Along with developing, planning, recording, editing, andpublishing, a good episode description is a vital part of the podcast process.
After you start a podcast, you may find yourself faced with the question of how to go about presenting that audio in such a way that people will actually, you know, listen. You may have excellent professionally engineered audio, a good premise, interesting guests, a catchy name, maybe even a well-crafted logo. But how do you actually go about getting people to hit that all-important ‘Play’ button? This is why your episode description is a vital part of the podcast process.
Whether you are creating a podcast for business or a branded podcast or even a healthcare podcast dedicated to spreading important medical information, the published podcast will need an episode description. Your episode description should be short, succinct, and convey the most important details about your show and episode. This is where you will entice a prospective listener to take the plunge on your show.
While the episode description should be kept short, there are a few items that should always be included. They include: the topic of the episode; the name of your guest or guests; the major points covered in the episode; the tone and style; and a call to action.
The call to action can take a few different forms. Do you want to direct your listeners to a secondary resource? Maybe your guest has published material that you can link to, or maybe they have events or offerings they would like to promote? Or maybe you yourself have material you’d like to promote. Even something as simple as cueing your listeners to subscribe to your podcast or visit your website counts as a call to action.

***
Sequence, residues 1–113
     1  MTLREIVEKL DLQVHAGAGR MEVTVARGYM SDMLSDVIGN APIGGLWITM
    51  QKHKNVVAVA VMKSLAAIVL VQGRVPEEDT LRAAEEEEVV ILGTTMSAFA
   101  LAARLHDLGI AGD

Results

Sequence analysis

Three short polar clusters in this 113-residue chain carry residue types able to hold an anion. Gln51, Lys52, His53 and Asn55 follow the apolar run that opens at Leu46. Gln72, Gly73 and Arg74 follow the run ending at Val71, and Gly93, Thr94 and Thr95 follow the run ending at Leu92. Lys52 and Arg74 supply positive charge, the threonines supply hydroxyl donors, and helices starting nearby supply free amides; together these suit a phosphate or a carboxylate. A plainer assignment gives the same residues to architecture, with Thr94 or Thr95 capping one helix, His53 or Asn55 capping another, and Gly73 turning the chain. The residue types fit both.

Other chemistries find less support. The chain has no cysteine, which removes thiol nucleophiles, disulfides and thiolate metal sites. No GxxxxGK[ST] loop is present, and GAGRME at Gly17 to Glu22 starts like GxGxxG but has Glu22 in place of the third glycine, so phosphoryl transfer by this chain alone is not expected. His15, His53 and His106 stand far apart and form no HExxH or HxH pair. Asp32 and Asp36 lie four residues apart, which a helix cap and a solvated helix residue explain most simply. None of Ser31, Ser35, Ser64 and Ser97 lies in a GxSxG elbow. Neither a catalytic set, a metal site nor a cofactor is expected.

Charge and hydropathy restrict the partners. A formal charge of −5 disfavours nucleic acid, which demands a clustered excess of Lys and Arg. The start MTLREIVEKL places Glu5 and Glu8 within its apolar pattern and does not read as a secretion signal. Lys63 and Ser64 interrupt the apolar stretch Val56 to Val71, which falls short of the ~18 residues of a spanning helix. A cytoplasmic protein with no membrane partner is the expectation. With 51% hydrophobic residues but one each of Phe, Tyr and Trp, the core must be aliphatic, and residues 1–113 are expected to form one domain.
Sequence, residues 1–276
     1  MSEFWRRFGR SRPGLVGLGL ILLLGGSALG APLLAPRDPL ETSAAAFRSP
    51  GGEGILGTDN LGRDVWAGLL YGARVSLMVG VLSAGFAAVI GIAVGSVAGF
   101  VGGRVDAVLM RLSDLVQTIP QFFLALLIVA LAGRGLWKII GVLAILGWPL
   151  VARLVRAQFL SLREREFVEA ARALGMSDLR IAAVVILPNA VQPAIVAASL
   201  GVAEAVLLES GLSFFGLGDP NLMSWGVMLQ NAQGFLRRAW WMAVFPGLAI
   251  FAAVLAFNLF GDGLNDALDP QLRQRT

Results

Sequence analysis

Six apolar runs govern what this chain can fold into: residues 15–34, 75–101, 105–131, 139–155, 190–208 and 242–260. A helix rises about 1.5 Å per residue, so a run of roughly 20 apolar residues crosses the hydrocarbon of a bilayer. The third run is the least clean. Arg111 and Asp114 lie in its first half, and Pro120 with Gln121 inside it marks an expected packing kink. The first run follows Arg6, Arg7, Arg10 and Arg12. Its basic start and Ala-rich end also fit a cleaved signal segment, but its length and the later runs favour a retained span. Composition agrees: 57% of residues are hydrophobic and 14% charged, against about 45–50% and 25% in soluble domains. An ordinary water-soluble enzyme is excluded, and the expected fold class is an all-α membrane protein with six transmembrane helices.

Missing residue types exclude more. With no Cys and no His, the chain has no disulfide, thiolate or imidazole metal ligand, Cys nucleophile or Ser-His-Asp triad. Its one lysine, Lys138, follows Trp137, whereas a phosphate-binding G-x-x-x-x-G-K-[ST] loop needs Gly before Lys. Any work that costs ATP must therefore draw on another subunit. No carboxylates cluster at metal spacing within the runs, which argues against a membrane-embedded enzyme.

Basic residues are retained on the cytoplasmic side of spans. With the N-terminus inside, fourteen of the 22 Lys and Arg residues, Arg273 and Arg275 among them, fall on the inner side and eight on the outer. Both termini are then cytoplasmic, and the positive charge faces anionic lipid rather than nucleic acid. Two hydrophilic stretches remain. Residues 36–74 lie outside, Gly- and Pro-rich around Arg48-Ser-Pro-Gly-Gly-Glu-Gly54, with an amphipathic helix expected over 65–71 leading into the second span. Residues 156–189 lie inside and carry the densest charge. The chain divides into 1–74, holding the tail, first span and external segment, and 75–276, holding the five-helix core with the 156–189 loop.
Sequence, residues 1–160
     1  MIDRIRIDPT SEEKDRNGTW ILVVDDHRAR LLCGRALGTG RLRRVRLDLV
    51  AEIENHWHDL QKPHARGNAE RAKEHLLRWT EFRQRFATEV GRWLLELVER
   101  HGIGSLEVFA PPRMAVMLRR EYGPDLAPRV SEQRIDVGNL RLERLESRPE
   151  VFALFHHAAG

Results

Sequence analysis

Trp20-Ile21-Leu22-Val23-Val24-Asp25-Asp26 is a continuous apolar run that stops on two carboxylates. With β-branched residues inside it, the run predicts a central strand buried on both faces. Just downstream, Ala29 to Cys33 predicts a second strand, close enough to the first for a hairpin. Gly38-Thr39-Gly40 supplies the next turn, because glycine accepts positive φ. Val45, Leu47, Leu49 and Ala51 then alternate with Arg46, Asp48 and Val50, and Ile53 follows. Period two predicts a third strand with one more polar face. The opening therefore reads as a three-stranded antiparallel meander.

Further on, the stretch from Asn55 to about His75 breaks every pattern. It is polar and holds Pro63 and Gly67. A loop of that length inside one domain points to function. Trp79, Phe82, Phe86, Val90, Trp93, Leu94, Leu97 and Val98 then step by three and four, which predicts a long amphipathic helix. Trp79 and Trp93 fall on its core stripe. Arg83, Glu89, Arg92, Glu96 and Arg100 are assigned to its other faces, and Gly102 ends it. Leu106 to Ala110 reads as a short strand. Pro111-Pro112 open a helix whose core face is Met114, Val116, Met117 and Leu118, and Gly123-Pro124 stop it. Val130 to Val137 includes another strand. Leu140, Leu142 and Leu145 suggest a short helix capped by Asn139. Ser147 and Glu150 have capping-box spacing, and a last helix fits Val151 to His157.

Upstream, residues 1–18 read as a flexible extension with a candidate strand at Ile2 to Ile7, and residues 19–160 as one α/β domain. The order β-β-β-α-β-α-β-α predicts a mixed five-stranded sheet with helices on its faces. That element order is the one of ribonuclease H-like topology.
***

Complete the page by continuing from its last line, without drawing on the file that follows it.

It cannot be stressed enough that episode descriptions should be kept as short as humanly possible. No one, no one, wants to scroll through paragraphs and paragraphs of information before hitting play. The more work you give your listeners, the less likely they are to listen.
The trick is to be clear and concise, while also utilizing keywords that people are likely to use if they are searching for information on the topic that you are covering either in the episode or on the show in general. Since people can’t exactly Google the contents of the audio itself, the episode description is where you can place that information to bait the hook.
Let’s say you run an auto body shop in New England and you have a podcast all about the ins and outs of working with cars and other motor vehicles. And let’s say that you dedicate an episode to best practices for driving safely in the winter. Keywords that you could utilize might include everything from “four-wheel drive”, “driving in snow”, “driving in sleet”, “safe driving in storms”, “New England driving”, etc.
As a final piece of advice, be sure to take the extra minute to review your episode description for typos or grammar mistakes. Those sorts of tiny errors add up to make a podcast seem unprofessional and slapdash, regardless of the quality of the actual show.
With customers and listeners, you never know what tiny thing will tip the balance in one direction or another. You don’t want all your time spent developing, planning, recording, editing, and publishing to be dismissed out of hand because a potential listener spotted a misspelled word in your episode description.